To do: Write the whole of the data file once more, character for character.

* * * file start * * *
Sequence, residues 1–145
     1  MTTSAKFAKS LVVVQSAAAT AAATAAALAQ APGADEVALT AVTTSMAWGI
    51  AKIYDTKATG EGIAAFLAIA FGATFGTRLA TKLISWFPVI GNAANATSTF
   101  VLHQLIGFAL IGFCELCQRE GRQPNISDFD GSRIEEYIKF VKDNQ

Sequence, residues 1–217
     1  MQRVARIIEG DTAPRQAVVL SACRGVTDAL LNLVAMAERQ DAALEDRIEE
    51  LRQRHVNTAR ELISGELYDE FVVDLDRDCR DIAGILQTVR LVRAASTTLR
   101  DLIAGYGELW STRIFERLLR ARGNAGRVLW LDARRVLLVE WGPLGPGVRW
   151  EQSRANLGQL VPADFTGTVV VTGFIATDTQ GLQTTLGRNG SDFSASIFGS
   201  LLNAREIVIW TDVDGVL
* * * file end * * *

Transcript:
Sequence, residues 1–145
     1  MTTSAKFAKS LVVVQSAAAT AAATAAALAQ APGADEVALT AVTTSMAWGI
    51  AKIYDTKATG EGIAAFLAIA FGATFGTRLA TKLISWFPVI GNAANATSTF
   101  VLHQLIGFAL IGFCELCQRE GRQPNISDFD GSRIEEYIKF VKDNQ

Sequence, residues 1–217
     1  MQRVARIIEG DTAPRQAVVL SACRGVTDAL LNLVAMAERQ DAALEDRIEE
    51  LRQRHVNTAR ELISGELYDE FVVDLDRDCR DIAGILQTVR LVRAASTTLR
   101  DLIAGYGELW STRIFERLLR ARGNAGRVLW LDARRVLLVE WGPLGPGVRW
   151  EQSRANLGQL VPADFTGTVV VTGFIATDTQ GLQTTLGRNG SDFSASIFGS
   201  LLNAREIVIW TDVDGVL